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Beginning to brew


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At Milwaukee Brewing, grain enters the mash tun on the right from the overhead trough

By: Stephen Beaumont


The first step in creating a beer is to prepare the grain for brewing. (The very first step is malting the grain, of course – see What’s in a Beer: Malted Barley – but that step is typically done outside of the brewery.) Since grain is the base of any beer, this is an essential part of brewing.


Before even beginning the mashing in process, a brewer must decide on the grain composition of the beer they intend to make. For a typical ale or lager, the majority of the grain will be pale malted barley, with portions of darker malts added if an amber, brown or black hue is desired. (Small proportions of dark malts can have great effect on the look, smell and taste of a beer. As little as 8% black malt in the mix, for example, can turn a beer mahogany or darker and give it chocolaty or coffee-ish flavours.) If grains other than barley malt are to be used, which ones and how much of each must be determined well in advance of the brew day.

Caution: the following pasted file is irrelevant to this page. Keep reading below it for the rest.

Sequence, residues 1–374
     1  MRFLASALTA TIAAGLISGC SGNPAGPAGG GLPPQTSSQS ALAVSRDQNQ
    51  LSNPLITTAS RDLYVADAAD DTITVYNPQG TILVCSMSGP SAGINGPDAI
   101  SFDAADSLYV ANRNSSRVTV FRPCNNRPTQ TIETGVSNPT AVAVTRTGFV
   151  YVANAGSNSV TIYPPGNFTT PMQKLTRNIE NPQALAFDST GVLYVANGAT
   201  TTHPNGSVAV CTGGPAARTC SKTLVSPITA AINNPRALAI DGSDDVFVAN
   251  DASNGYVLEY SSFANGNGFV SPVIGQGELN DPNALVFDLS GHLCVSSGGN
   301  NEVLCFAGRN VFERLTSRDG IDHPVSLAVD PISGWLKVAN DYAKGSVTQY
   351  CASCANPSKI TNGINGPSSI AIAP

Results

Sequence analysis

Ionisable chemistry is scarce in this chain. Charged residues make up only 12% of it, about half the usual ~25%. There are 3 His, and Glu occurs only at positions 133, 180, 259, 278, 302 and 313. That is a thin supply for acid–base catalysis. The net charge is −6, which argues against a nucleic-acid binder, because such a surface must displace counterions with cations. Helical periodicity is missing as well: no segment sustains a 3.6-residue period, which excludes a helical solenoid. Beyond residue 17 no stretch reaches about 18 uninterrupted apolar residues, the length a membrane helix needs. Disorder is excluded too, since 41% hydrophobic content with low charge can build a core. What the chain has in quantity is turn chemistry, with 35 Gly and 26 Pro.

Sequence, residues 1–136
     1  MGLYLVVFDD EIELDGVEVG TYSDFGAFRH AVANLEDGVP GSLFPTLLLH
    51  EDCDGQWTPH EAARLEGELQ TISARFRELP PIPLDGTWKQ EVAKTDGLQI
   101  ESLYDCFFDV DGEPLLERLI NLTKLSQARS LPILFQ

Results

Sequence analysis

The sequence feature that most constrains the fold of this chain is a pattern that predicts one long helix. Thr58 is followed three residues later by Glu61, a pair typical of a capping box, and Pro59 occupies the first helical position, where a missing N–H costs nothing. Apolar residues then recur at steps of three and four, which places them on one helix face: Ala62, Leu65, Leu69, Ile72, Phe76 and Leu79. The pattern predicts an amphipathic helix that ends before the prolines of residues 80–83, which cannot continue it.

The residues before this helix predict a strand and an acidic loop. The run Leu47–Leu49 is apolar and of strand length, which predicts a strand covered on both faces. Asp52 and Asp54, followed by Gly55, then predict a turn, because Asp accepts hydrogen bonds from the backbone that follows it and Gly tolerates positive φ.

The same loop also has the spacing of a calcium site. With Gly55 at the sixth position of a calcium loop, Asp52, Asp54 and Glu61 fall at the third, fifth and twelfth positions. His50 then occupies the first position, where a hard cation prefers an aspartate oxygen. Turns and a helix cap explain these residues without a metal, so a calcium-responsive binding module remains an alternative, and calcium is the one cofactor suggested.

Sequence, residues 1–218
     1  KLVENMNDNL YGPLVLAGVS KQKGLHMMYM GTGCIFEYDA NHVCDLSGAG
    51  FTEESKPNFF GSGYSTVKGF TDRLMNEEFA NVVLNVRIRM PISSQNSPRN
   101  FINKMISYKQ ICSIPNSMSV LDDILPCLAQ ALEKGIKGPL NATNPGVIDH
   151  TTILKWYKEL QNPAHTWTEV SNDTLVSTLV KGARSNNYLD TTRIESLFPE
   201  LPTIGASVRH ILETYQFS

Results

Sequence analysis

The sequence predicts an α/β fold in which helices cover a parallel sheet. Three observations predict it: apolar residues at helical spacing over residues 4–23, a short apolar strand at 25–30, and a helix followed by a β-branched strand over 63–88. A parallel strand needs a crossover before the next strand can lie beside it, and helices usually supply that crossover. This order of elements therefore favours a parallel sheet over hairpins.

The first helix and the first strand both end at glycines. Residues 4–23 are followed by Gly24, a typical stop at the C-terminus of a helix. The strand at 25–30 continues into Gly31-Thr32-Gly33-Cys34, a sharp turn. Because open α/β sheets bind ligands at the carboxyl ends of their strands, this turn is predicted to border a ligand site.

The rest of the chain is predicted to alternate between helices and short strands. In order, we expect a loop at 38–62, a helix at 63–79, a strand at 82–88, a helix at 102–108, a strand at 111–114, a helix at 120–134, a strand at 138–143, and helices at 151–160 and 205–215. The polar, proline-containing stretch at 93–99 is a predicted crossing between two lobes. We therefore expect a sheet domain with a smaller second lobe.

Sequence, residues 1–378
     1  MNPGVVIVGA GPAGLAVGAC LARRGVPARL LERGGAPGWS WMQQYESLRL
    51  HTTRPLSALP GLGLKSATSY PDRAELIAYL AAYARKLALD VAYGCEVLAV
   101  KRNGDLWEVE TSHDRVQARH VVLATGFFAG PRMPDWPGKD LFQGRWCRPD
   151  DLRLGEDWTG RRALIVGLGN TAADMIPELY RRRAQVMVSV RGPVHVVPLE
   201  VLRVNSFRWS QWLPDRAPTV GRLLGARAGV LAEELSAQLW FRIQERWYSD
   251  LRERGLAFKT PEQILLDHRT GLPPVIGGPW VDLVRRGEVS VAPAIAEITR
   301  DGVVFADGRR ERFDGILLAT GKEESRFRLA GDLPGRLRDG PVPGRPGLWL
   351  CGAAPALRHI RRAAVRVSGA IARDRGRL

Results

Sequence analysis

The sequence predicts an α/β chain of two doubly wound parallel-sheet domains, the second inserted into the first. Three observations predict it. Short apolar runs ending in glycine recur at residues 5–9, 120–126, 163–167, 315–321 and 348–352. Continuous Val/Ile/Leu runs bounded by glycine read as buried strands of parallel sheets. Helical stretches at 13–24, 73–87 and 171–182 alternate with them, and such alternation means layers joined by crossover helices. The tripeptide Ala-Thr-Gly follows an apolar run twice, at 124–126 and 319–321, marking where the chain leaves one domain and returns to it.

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The mash tun at Steam Whistle Brewing in Toronto

Once the mix has been decided upon, the malted barley and other grains, if applicable, must be milled so that the grain is cracked but not crushed, the ideal being a coarse meal rather than a flour or powder. The resulting mixture, known as the grist, is then sent to a large vessel called a mash tun, where heated water will be added and the grain steeped for up to two or three hours. During this process, the natural starches are leached from the grain and their transformation into fermentable sugars begins.

When most of the sugars are deemed to have been removed from the grain and the sweet, sugar-rich liquid drawn off the grain, mashing in is almost complete, save for one final step. This last process, known as sparging, sees water sprayed over the grain bed in order to remove the last of the grain’s sugar content. When that liquid too has been drained from the mash tun, what is now known as spent grain is shoveled out and disposed of, usually taken as feed by farmers or sometimes used in bakeries to make a nutritious bread.

(In some breweries, the grain and wort together is sent to another vessel called a lauter tun, where the liquid drains through a slotted floor and is pumped to the brew kettle.)

The “sugar water” that has been produced during the mashing process is now sent to the brew kettle. Hereafter and until fermentation is complete, this liquid is known as wort.


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